Politics

Fest season continues to be a concern for Athens City Council

File photo by Matt Stephens.
Written by Lindsey Curnutte

Athens City Council expressed concerned over the upcoming fest season during its Monday meeting.

City Council President Christine Knisely talked about an alert from Chief of Police Tom Pyle, which urges citizens to consider safe practices during fest season. Knisley said members of council and police plan to go out into the community offering friendly safety tips during the weeks of street fests.

The discussion lingered on when Brandon Thompson, a local DJ and a member of the Athens Clean and Safe Halloween Committee, urged the council to work with fest-goers on the issue of street closings in similar ways as they do with the Athens Halloween Block Party.

“I feel like there is a strong disconnect between the needs of the city and the wants of the students in regards to street fests,” Thompson said.

Thompson, also known as DJ B-Funk, suggested creating a Kickstarter or GoFundMe crowdfunding page where students and alumni could donate money to organize and secure street fests. The funds would go toward the extra staff and police needed at fests.

“If the students want to have these parties, and they do, and they will no matter what, the city can make the situation a little less of a financial strain by allowing some freedom in how we handle the fests,” Thompson said.

City Councilman Patrick McGee, D-At Large, is a supporter of the idea to close off streets such as Palmer Fest and High Fest and bring organization to fest season.

“It’s a burden on the city and a lot of people oppose the notion of allowing the students to expand their fests at all,” McGee said. “All they can see is money, and it was the same argument that was given for Halloween 30 years ago.”

Opposition arose from other council members, specifically about the issue of safety at street fests.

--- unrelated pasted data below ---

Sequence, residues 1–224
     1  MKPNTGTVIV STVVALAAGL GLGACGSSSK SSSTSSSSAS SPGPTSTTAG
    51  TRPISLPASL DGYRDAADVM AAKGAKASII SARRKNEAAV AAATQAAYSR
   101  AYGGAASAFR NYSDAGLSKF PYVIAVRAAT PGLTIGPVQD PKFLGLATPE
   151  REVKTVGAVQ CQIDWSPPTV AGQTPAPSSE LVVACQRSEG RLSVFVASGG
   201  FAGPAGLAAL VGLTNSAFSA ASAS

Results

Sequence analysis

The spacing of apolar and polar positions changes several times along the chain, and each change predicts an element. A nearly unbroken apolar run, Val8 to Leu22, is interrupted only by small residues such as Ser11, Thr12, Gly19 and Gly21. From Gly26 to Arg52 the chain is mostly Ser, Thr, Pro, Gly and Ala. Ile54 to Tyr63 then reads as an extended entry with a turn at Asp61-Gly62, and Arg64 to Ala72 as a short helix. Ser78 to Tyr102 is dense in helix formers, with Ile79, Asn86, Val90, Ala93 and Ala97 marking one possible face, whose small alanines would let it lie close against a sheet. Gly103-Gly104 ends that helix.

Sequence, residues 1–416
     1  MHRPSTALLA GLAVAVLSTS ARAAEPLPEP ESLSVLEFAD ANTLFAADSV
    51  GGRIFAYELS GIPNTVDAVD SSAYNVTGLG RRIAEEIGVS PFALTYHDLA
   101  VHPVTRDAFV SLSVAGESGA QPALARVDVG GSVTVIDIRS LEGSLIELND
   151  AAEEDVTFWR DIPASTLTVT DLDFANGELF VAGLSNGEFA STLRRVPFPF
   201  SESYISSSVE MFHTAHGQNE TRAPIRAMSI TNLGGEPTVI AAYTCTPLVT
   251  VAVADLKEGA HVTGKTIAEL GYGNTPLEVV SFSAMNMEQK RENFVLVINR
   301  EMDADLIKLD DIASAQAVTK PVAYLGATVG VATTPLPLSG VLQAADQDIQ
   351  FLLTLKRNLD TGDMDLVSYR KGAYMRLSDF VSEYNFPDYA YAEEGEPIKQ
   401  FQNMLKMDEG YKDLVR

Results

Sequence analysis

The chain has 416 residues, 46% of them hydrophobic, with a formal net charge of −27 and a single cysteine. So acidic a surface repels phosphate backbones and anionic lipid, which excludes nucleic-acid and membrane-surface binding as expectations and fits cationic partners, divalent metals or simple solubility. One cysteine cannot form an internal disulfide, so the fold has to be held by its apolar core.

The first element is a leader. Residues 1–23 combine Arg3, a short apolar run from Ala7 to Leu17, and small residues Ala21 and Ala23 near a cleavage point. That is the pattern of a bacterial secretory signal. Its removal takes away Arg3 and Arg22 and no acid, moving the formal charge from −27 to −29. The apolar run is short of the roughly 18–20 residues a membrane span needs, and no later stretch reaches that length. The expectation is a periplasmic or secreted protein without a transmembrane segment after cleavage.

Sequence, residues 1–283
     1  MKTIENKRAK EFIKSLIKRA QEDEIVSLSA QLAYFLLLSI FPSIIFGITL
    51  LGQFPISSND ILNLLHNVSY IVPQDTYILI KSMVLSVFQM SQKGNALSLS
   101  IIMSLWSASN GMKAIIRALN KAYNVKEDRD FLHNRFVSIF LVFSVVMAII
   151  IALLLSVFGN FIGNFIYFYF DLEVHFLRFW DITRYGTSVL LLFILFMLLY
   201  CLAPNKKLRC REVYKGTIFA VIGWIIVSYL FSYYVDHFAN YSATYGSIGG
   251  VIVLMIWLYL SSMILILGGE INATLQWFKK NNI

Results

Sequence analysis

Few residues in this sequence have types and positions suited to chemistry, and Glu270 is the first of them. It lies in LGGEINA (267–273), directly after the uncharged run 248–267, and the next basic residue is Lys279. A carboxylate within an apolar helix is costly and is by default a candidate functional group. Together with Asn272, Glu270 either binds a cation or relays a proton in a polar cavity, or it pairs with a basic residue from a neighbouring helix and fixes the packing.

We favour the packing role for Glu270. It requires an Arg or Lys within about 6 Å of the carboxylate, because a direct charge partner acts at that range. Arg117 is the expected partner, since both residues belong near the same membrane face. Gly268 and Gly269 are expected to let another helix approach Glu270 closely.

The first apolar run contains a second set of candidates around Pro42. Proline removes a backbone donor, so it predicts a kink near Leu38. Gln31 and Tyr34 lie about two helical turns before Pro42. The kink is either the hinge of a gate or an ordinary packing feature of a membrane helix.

Councilwoman Michelle Papai, D-3rd Ward, had concerns about the city sanctioning events involving drug use and underage drinking. “Where’s the liability?” Papai asked.

“(Halloween is) a well-coordinated event with a lot of safety and services available,” Papai said. “I don’t see the city having the ability to do that for every fest that comes along.”

McGee argued that fests will continue in Athens regardless, and the city allowing the organization of street fests would not mean facilitating drug use and drinking.

“What does sanctioning mean? Does it mean we’re promoting it in the city? No, we’re allowing the citizens of Athens to do what they would like to do under the umbrella of an organization,” McGee said.

The council later discussed a mural to be painted outside of the ARTS/West building. McGee opposed the issue, saying the location of the mural was not central enough for maximum viewing.

The motion to approve the mural passed in a 4-2 vote.

About the author

Lindsey Curnutte

Lindsey is the Managing Editor for The New Political, previously the PR Chief. Lindsey is a junior at Ohio University and is double majoring in journalism and political science. In between classes, she freelances for the Heartland Institute and designs the yearbook for Ohio University's Heritage College of Osteopathic Medicine. Follow her on Twitter at @lindseycurnutte, or email [email protected]

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